Individuals with ALS may have symptoms such as speech or swallowing impairment, breathing difficulties, limb stiffness, muscle weakness, twitches and cramps. They typically don’t experience significant pain, and their sensory functions, such as sight, smell and taste, will remain normal. There is usually no major impact on thinking, but up to 15–20 percent of patients with ALS have dementia.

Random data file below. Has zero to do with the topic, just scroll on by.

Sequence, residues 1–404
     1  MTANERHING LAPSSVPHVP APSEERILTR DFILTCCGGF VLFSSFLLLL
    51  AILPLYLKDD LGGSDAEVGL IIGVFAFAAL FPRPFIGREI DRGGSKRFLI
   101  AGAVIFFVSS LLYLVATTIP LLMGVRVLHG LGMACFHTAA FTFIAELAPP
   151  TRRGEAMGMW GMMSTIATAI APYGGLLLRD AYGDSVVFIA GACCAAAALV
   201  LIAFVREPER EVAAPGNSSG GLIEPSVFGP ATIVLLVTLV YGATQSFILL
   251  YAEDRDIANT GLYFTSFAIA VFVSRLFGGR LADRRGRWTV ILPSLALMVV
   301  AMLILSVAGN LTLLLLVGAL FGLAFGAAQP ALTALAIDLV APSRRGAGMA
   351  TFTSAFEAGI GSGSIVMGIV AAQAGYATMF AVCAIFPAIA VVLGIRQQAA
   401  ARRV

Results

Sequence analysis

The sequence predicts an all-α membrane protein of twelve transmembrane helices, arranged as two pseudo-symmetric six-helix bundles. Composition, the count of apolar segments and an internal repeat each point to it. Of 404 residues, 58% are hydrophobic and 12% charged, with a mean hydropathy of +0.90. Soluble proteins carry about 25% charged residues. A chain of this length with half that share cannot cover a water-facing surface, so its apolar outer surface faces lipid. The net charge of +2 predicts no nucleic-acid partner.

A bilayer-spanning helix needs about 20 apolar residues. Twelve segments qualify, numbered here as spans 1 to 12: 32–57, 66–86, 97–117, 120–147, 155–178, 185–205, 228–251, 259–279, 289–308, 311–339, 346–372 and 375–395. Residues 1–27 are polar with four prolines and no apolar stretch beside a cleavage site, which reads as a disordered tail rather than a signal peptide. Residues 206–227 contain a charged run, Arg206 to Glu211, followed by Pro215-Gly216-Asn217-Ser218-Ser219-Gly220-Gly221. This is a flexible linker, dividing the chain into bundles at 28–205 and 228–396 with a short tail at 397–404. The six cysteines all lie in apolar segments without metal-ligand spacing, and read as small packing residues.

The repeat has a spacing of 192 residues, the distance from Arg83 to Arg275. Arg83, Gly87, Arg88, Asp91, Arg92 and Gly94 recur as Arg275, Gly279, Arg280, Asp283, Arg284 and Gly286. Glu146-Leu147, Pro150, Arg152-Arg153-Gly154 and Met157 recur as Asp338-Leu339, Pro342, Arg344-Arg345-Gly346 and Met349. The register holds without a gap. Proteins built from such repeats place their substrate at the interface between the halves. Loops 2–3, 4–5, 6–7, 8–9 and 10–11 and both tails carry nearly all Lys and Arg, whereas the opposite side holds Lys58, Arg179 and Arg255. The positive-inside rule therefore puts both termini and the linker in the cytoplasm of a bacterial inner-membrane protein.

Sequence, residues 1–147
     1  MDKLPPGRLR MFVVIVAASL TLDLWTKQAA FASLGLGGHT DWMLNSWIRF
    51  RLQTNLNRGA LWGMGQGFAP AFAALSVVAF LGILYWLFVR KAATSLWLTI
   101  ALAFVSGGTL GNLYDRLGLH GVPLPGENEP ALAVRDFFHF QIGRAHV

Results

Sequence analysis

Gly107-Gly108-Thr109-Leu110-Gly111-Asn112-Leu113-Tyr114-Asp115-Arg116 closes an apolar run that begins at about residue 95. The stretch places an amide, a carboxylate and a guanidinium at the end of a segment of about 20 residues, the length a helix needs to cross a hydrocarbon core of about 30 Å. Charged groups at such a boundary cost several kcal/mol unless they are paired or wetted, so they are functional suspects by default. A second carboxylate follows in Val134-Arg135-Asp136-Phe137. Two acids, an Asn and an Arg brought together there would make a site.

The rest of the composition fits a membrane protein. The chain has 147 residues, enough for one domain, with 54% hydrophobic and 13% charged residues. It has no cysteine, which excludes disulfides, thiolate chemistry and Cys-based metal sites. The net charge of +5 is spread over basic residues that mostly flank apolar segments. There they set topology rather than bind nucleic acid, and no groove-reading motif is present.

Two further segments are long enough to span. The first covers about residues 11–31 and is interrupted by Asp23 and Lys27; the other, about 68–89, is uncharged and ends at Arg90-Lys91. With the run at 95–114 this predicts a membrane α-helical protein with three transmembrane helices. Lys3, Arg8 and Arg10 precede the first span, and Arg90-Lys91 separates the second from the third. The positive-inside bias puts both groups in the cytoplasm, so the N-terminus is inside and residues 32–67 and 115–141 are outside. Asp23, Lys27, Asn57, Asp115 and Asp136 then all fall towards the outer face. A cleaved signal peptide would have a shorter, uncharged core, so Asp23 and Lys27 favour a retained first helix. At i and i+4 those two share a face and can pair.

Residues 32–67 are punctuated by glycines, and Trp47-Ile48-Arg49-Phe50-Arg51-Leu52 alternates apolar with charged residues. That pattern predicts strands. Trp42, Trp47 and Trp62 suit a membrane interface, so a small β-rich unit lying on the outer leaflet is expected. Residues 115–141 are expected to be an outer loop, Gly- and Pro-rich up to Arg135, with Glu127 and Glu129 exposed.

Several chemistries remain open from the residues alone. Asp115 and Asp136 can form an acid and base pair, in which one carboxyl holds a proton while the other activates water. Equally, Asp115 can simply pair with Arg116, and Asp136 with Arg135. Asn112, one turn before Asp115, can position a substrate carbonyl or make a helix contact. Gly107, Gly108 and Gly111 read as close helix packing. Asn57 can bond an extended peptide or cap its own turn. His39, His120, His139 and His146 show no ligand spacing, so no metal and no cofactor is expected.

Because the symptoms of ALS can resemble other conditions, the disease is often misdiagnosed, and patients may go from doctor to doctor before receiving an accurate diagnosis. As the disease progresses, patients will experience significant weight loss and muscle deterioration, and require respiratory support as the condition affects the breathing muscles.